After my accident, surgery, and subsequent time in the hospital, I was allowed to go home. I thought the hardest times were behind me. I was wrong.
On Boxing Day I was involved in a cycling accident on gravel roads where I skidded out and hit a tree. Here is my story. Side note: do not try this at home.
(def) Start doing something too soon, act too hastily. For example, Tiffo jumped the gun on riding an Audax 600; it shouldn't have happened for another two months when she had trained more. Good thing Audax has a ride so aptly named so early in the season that allows us to do 'stupid things'...
If you were given the chance to get a lab test on your heart and your fitness, would you take it up? Or is it better, as well as less confrontational, just riding on feel. I took the opportunity to get myself tested, but I wasn't quite prepared for how I'd react to it. Warning: this post contains data.
The Oppy is a unique 24 hour team time trial in which teams ride a route of their own choosing to a common finishing point. The minimum distance required is 360km. I bet we could go further if we planned an all night bike party. Here's how the 'festivities' played out.
Hearing that the podcast I'd done with Sparta Chicks was the 2nd most popular episode of the year has really made me reflect on how much 2020 has changed me. So this is a bit of a deep dive into what I've worked on and learned this year. And it's not only about cycling.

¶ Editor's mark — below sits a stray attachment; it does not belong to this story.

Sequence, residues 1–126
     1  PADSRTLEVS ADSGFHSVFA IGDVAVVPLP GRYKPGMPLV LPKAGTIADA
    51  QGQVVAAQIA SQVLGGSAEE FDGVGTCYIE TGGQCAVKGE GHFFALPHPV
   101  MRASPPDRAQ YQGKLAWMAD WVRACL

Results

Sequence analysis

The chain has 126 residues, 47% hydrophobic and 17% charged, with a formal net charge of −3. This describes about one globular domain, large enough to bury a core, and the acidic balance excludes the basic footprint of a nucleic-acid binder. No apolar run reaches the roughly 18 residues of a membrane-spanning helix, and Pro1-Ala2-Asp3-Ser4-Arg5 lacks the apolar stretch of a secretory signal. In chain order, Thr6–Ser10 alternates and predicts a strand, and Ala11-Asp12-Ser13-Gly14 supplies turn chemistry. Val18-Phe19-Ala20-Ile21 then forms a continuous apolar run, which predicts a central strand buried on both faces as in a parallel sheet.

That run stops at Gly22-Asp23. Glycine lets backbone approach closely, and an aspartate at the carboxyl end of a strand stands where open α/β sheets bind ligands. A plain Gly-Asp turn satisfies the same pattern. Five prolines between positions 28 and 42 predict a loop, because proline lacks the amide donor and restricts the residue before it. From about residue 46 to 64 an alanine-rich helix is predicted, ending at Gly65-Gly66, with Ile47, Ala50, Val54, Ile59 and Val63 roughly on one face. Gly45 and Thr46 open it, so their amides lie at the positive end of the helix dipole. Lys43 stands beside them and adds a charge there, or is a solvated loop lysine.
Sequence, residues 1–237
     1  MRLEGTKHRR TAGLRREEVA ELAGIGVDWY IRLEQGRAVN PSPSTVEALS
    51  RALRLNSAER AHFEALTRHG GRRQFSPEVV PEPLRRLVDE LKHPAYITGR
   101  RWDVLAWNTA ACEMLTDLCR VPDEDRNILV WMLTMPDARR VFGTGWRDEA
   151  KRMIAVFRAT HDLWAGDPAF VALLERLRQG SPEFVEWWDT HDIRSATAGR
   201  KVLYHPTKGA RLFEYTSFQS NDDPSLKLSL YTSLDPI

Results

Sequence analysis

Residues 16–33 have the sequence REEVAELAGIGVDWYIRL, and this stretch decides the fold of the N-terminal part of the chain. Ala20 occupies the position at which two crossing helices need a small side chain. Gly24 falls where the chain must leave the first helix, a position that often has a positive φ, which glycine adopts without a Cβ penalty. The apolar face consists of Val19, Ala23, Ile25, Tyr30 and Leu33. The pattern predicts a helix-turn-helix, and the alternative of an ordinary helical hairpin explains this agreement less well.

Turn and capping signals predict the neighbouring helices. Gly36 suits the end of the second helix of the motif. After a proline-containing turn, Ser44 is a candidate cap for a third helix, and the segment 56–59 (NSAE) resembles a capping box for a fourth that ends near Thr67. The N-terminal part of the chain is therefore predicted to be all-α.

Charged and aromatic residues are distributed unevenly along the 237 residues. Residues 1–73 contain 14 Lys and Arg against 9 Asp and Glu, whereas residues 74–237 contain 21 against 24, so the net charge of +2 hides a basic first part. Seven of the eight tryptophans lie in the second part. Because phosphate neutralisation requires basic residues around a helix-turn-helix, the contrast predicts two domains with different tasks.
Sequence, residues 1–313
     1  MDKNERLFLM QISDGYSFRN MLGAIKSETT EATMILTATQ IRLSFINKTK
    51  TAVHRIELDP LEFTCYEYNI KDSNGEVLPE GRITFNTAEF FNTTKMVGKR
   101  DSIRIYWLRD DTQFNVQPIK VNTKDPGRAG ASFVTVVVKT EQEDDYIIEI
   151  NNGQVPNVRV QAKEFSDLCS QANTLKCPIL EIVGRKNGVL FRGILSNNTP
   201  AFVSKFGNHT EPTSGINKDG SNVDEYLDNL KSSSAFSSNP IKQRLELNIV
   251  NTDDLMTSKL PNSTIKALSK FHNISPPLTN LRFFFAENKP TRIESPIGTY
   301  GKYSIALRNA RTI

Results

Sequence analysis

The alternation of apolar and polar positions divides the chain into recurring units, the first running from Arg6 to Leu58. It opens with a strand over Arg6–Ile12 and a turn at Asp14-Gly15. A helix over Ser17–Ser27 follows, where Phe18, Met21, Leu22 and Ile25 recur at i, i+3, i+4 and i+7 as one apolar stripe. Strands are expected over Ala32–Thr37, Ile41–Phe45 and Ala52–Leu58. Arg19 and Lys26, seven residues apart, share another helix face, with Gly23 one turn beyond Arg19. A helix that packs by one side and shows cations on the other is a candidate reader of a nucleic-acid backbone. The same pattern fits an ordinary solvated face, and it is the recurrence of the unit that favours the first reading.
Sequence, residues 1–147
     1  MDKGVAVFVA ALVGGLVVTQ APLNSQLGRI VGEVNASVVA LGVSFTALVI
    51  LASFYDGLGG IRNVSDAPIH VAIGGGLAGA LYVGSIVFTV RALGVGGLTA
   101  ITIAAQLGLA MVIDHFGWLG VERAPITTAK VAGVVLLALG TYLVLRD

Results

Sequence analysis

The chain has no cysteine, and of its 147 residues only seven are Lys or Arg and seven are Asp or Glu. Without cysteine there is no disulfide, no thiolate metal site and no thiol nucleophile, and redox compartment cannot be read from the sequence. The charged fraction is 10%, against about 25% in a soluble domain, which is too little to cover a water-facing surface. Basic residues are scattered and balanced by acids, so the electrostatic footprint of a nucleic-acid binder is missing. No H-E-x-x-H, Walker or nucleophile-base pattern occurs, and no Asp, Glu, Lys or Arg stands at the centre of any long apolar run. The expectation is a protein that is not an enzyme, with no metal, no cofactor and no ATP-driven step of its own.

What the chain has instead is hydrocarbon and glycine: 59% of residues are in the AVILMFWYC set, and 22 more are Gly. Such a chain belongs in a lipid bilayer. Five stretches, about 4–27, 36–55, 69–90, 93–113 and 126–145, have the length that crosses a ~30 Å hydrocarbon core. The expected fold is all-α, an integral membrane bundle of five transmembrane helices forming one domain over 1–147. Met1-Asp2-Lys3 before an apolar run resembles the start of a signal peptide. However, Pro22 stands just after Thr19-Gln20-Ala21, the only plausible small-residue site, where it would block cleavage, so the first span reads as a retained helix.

The concept of an Everesting basecamp is fiendishly simple: Pick any hill, anywhere in the world and ride repeats of it in a single activity until you climb 4424m. Riding it off-road adds some unique challenges though.
As athletes, mental toughness is something that we constantly need to work on. Developing, training, testing, so that it's ready for when we need to call on it. So how do we work on mental toughness during lockdown in a pandemic? Spoiler alert: the answer may not be what you think.
I've often wondered what cyclists who race do for the rest of the day. After all, they are only racing for an hour or so. I now know the answer. They fall over and die on the floor. Or maybe that's just me.
It’s not often (okay, it’s like never) that I let people see into what I refer to as Wonderland... which is my own personal madness. So this podcast is way outside my comfort zone. But it’s an important conversation to have. Because mental health doesn’t discriminate. And we all need to work together to break the stigma. So have a listen... and please be gentle with your feedback.